The approach has been validated by the approval of Amgen/UCB’s romosozumab (Evenity), which has been approved for the treatment of severe osteoporosis at high risk for fracture in the US and Japan, and is expected to be approved shortly in Europe following a positive CHMP decision in October. The improvement from baseline in lumber spine BMD (measured using DXA) in the Phase III ARCH study was 13.7% with romosozumab vs 5.0% with alendronate at 12 months, and corresponded with a reduction in the incidence rate of new vertebral fractures of 2.3% (4.0% vs 6.3%, respectively) at 12 months, and 5.7% (6.2% with romosozumab for 12 months followed by alendronate for 12 months vs 11.9% with only alendronate) at 24 months.
There are currently no approved treatments for OI in Europe or the US. Therapy is aimed at preventing and treating fractures, maintaining individual mobility, and currently striving to strengthen bones and the supporting muscles. Surgical procedures, such as rodding (the insertion of metal rods in the bones), have shown benefit but carry the risks associated with such major surgery.
The main medications used off-label to treat OI are bisphosphonates, such as alendronate and risedronate, which are anti-resorptives. They have been shown to ameliorate bone mass; however, as the 2016 Cochrane review concluded from a meta-analysis of 14 trials, it is not clear that they reduce fracture rates.
The potential of denosumab (Amgen’s Prolia, RANK-L antibody) and teriparatide (Lilly’s Forteo, PTH analogue) have also being investigated, but both have severe limitations. The use of denosumab is associated with the “rebound effect” (an increased risk of fractures), hypercalcaemia and hypercalciuria once treatment is stopped or even between doses. It is not recommended that teriparatide is used in children or in adults for more than two years in total, because to the risk of osteosarcoma.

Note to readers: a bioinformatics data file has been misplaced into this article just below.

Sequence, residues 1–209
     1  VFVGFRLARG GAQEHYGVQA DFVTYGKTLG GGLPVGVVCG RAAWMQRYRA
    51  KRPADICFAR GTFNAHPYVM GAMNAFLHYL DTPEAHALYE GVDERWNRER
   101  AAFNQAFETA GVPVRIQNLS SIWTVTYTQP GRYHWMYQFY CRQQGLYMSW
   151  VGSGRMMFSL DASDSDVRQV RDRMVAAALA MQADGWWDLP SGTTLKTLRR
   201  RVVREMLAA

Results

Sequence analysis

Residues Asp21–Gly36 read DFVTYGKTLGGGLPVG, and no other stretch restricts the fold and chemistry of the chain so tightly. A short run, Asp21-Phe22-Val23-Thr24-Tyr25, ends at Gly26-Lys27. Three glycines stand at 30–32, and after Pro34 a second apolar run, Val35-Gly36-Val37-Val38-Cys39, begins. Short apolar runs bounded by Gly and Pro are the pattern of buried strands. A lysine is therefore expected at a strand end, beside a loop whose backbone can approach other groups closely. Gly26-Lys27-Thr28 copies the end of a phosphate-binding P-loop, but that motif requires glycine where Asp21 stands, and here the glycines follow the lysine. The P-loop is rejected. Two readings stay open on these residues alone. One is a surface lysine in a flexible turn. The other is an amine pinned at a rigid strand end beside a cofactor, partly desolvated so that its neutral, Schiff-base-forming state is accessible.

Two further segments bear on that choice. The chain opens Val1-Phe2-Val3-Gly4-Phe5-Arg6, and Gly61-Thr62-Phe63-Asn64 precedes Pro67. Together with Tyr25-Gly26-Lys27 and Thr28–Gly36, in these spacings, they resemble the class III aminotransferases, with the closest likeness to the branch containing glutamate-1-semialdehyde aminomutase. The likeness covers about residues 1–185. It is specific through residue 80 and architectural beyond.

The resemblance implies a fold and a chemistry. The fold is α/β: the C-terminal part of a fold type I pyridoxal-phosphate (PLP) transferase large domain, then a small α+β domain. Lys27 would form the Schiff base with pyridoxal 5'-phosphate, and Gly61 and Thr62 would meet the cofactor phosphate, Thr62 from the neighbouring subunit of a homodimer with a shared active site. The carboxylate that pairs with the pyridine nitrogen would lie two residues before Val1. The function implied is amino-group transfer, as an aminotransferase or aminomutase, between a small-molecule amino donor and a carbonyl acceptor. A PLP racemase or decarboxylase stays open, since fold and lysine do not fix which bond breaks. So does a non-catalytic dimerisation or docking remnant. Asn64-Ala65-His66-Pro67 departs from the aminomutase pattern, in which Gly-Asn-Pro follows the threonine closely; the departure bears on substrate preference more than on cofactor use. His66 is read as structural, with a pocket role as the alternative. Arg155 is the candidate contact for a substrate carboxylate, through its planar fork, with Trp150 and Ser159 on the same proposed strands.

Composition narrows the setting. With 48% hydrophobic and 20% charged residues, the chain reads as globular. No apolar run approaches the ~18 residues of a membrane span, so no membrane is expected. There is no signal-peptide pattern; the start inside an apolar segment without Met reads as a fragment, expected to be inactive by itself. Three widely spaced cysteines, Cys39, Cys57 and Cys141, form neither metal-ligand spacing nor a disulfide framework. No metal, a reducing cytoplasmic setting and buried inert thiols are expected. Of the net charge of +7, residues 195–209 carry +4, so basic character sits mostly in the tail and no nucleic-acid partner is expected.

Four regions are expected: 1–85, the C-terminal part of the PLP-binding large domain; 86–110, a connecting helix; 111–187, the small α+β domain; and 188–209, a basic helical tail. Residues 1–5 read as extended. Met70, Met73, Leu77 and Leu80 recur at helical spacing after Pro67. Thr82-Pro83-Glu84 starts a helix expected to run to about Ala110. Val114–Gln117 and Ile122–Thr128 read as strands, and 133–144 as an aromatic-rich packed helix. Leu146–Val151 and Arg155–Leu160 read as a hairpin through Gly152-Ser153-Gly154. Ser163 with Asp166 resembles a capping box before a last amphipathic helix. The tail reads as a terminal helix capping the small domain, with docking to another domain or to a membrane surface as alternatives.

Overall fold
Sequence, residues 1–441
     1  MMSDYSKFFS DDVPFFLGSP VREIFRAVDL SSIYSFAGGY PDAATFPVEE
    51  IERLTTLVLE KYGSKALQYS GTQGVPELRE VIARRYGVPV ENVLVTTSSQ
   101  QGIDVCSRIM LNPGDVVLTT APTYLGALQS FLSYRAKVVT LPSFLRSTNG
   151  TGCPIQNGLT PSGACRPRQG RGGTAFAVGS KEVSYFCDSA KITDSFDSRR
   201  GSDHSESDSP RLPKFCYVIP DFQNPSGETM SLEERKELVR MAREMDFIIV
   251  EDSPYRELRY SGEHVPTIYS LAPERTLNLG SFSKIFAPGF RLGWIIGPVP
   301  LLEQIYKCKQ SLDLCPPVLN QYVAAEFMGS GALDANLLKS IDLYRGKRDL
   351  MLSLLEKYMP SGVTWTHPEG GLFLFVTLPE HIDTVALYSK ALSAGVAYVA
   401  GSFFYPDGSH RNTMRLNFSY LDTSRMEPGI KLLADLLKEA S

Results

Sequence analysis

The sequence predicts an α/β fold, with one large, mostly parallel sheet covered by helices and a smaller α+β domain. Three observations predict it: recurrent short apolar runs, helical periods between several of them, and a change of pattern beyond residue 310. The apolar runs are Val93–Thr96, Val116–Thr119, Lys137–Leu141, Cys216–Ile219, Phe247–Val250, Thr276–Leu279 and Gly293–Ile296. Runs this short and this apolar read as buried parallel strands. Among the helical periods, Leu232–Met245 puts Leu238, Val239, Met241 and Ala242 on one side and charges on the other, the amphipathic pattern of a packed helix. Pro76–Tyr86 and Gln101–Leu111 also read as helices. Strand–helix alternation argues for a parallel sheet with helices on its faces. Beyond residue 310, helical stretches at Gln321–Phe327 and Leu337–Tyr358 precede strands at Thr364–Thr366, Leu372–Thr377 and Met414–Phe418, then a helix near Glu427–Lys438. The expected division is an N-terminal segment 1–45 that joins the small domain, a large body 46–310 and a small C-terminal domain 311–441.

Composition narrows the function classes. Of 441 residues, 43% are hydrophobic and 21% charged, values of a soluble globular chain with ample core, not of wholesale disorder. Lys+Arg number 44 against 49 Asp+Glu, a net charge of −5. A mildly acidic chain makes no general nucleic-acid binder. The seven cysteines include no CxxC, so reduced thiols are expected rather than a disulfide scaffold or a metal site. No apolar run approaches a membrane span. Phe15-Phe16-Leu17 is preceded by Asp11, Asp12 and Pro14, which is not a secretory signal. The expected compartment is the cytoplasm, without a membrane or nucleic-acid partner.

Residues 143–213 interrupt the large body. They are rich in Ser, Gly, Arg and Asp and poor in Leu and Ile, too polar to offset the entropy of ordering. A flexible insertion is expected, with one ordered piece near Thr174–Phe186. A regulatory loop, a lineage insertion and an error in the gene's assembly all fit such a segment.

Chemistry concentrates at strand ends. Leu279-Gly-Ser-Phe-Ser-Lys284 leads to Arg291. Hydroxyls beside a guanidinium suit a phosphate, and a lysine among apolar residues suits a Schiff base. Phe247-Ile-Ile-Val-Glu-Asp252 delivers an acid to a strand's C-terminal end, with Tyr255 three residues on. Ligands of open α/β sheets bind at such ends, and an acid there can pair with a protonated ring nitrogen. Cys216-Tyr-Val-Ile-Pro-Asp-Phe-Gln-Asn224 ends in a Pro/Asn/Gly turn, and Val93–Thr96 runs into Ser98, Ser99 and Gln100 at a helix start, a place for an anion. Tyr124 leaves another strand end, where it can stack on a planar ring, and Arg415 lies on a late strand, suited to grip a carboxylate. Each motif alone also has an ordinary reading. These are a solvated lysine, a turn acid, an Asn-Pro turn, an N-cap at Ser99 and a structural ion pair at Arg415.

Mereo is the only company developing an anti-sclerostin antibody for IO. Amgen are focused on osteoporosis, and Eli Lily deprioritised development of blosozumab in 2015 despite positive Phase II results because of material formulation difficulties.
The data from the Phase IIb ASTEROID trial indicates that setrusumab increases BMD throughout the body, and to a similar degree in all three subtypes of OI (Types I, III, and IV) assessed. There was also a trend of a reduction in fractures, (trial not powered-statistically to show a difference). Inconsistent with the rest of the data, the primary endpoint of change in trabecular volumetric BMD (Tb vBMD) of the wrist (radius) using HRpQCT (high resolution peripheral quantitative computed tomography) failed to show an improvement; there was unexpected heterogeneity in the data, including some patients with greater vBMD than seen in normal individuals.
HRpQCT is a novel method of measuring BMD and was selected as the primary endpoint as it was thought to be more predictive of fracture risk. However, there was exceptional heterogeneity in the Tb vBMD (Exhibit 3); a previous study by Kocijan et al had suggested that the range would be 59-113mgHA/cm3. In this study it was 18-279mgHA/cm3, with some OI patients with higher baseline vBMD than was recorded in normal individuals in the Kocijan study (range: 149-190 mgHA/cm3). This heterogeneity resulted in modest mean changes in Tb vBMD with very high standard deviations.
In marked contrast to the limited changes in Tb vBMD, there were significant changes in Total vBMD in the radius with the medium and high doses, which were consistent with those seen in other bones measured with DXA (see below). The precise dosing of setrusumab during the trial has not being disclosed. This suggests that setrusumab has a greater impact on the outer cortical bone than it does on the inner trabecular bone tissue. However, we would be cautious about drawing any conclusions using the Tb vBMD data, given the very high recorded baseline Tb vBMD in some OI patients.
The secondary endpoints for the trial included changes in areal BMD (aBMD) measured using the widely-used DXA (dual-energy X-ray absorptiometry) at the lumbar spine, femoral neck and total hip.
In the lumbar spine, a dose response was observed with highly significant increases in aBMD in the high and medium dose arms (Exhibit 4). The effects on lumber spine aBMD seen in this trial are consistent with that seen in the 14-patient Phase IIa, in which there was a 4% increase on day 141, and also the open-label arm of the current trial in which there was a 3.5% increase at six months (n=12). There was also a similar increase at the lumbar spine aBMD across the different subtypes of OI.
A similar result was seen at both the femoral head and total hip; there was a significant improvement in aBMD with the highest dose of setrusumab.